Denison University Leaf 39
Otto Ege provided the following description for leaves from this manuscript:
Livy's History of Rome (T. Livii ab Urbe Condita Libri). Italy; Middle 15th Century. Latin Text; Humanistic Script.
The known part of Livy's great life work, the History of Rome, was completed about the year 9 A.D. The finished work consisted of one hundred and forty-two books, of which only thirty-five are extant. These books are regarded as one of the most precious remains of Latin literature.
One of the outstanding characteristics of the scholars and scribes of the Italian Renaissance was their great interest in Latin literature. Through their influence, many copies of the classics were made from the few 9th and 10th century manuscripts available. These earlier manuscripts had been written in a carolingian or pre-gothic script to which the 15th century humanistic calligraphers assigned the name antiqua littera. The letters were not really of antiquity, since minuscule letters were not known before the time of Charlemagne. In the 15th century, this carolingian script became the inspiration not only for manuscripts like this leaf, but also, shortly thereafter, for the fine roman types designed by the printers in Italy.
Size: 22.5 x 16 cm
Observations: The vellum is very well prepared, though some rubbing of the ink has cast a shadow over the text block of some pages. The script is crisp, clear, and without adornment; an exception is the Denison leaf, with its striking initial "H." [Mention the scribe's identification, etc.]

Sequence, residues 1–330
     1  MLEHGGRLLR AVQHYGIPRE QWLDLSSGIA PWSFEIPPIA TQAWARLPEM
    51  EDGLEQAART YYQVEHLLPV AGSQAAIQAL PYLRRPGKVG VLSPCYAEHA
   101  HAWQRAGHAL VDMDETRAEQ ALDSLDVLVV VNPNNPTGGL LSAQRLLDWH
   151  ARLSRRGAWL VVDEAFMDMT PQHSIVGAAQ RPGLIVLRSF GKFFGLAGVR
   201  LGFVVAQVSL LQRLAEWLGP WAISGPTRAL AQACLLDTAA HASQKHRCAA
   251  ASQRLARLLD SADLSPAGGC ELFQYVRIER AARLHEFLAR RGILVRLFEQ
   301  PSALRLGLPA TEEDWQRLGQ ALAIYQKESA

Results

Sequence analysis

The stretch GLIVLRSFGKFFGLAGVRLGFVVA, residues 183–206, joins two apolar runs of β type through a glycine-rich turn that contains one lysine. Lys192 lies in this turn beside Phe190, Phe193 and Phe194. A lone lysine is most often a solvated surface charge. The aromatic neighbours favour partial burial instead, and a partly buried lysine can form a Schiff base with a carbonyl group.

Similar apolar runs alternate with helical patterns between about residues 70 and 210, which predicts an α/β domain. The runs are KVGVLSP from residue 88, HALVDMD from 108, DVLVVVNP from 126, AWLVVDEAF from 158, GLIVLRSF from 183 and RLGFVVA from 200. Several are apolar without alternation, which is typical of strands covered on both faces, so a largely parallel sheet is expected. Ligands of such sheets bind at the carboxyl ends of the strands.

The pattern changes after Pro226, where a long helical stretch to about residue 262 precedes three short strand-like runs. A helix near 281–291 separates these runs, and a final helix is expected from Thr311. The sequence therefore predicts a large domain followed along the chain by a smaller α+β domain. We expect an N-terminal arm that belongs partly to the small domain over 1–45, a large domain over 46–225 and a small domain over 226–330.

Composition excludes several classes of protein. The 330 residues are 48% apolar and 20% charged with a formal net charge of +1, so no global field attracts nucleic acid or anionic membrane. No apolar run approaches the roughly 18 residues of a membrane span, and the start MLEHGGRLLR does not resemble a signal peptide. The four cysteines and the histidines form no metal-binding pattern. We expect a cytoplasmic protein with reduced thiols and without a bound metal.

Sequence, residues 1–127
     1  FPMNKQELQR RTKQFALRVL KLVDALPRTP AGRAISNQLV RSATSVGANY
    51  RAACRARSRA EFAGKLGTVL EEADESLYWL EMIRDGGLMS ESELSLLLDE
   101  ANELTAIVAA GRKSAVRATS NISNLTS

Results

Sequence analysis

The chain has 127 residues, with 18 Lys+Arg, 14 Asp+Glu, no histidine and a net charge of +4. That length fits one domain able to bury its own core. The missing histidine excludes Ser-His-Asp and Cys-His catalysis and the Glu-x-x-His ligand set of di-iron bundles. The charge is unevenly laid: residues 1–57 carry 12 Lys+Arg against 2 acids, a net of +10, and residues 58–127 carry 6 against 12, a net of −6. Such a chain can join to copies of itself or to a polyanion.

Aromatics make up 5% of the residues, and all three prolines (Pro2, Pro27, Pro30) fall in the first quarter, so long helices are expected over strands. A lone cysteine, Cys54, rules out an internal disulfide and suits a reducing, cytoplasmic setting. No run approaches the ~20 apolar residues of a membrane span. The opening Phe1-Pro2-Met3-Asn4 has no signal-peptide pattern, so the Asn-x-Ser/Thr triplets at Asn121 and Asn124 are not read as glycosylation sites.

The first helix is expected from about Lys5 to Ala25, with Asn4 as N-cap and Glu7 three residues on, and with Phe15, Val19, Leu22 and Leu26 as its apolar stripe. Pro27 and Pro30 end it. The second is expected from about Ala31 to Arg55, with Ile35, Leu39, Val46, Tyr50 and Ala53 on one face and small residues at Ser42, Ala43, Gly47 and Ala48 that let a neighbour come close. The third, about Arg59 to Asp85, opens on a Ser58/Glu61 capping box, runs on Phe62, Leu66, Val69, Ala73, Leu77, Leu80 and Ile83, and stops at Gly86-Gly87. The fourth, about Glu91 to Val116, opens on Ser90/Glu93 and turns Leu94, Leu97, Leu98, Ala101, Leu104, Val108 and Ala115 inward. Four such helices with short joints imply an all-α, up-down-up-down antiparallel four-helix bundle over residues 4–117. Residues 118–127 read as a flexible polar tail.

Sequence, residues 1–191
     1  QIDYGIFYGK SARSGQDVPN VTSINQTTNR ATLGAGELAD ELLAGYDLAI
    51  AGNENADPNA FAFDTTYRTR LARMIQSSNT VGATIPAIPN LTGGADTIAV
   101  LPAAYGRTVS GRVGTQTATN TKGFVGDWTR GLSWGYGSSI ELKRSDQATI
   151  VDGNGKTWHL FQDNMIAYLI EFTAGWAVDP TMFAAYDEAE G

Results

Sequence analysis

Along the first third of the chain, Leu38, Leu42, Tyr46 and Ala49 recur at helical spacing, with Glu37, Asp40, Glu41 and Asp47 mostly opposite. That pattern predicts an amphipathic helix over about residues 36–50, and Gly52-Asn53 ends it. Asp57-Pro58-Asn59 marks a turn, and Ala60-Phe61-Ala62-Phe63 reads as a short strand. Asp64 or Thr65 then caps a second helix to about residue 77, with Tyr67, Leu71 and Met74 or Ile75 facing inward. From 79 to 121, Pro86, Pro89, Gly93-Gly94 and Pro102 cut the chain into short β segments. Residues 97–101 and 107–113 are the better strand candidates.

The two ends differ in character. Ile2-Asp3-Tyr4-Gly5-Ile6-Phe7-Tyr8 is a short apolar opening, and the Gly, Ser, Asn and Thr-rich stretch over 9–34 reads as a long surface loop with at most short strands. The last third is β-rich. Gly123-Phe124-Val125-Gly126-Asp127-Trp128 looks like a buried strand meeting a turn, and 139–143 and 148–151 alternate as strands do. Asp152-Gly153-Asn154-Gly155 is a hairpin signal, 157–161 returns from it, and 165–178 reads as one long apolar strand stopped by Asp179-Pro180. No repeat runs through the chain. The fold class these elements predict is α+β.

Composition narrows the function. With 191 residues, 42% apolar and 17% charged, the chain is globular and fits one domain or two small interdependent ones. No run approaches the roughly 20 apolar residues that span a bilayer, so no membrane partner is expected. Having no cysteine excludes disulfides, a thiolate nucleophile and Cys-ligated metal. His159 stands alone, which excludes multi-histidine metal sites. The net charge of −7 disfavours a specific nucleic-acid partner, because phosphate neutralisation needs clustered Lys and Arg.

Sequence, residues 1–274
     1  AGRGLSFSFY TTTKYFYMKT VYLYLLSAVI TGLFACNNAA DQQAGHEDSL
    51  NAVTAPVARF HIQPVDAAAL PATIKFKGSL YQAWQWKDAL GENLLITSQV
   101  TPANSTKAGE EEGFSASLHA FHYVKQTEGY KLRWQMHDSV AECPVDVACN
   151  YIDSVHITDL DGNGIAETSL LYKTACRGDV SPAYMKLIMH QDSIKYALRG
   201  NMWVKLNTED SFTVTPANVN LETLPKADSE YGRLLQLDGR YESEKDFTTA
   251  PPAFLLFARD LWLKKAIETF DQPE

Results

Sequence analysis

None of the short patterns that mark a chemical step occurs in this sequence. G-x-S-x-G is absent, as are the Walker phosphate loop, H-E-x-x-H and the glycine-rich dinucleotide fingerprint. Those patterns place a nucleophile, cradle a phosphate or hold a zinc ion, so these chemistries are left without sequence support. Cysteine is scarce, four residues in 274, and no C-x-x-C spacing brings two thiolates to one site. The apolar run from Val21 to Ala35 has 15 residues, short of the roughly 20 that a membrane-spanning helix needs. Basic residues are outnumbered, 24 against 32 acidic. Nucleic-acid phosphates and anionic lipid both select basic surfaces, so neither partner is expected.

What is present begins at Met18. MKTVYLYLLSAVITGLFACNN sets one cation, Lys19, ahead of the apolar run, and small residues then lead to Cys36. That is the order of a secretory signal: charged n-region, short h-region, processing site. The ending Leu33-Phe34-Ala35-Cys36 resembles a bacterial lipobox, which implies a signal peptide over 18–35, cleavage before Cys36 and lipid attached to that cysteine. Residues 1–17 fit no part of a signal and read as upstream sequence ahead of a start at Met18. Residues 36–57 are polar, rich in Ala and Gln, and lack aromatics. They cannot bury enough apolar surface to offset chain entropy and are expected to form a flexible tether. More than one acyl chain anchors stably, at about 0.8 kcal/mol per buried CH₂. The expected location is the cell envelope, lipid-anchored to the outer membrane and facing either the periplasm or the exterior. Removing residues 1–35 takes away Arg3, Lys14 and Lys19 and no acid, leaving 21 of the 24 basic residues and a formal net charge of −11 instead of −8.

Text: This leaf contains text from Livy's History 26:51 to 27:1. The English translation is that of Cyrus Edmonds (1850), via Project Gutenberg.
Reconstruction Note! In Ege's original manuscript, this leaf was followed by what is now Leaf 39 in the Ohio University portfolio.
Denison University Leaf 39 Recto
nauium simulacris naualis pugnae experiebantur. Haec extra urbem terra marique corpora simul animosque ad bellum acuebant; urbs ipsa strepebat apparatu belli fabris omnium generum in publicam officinam inclusis. Dux cuncta pari cura obibat: nunc in classe ac nauali erat, nunc cum legionibus decurrebat: nunc operibus adspiciendis tempus dabat, quaeque in officinis quaeque in armamentario ac naualibus fabrorum multitudo plurima in singulos dies certamine ingenti faciebat. His ita incohatis refectisque quae quassata erant muri dispositisque praesidiis ad custodiam urbis, Tarraconem est profectus, a multis legationibus protinus in uia aditus, quas partim dato responso ex itinere dimisit, partim distulit Tarraconem, quo omnibus nouis ueteribusque sociis edixerat conuentum. Et cuncti fere qui cis Hiberum incolunt populi, multi etiam ulterioris prouinciae conuenerunt. Carthaginiensium duces primo ex industria famam captae Carthaginis compresserunt: deinde, ut clarior res erat quam ut tegi ac dissimulari posset, eleuabant uerbis: necopinato aduentu ac prope furto unius diei urbem unam Hispaniae interceptam, cuius rei tam paruae praemio elatum insolentem iuuenem immodico gaudio speciem magnae uictoriae imposuisse: at ubi adpropinquare tres duces, tres uictores hostium exercitus audisset, occursuram ei extemplo domesticorum funerum memoriam. Haec in uolgus iactabant, haudquaquam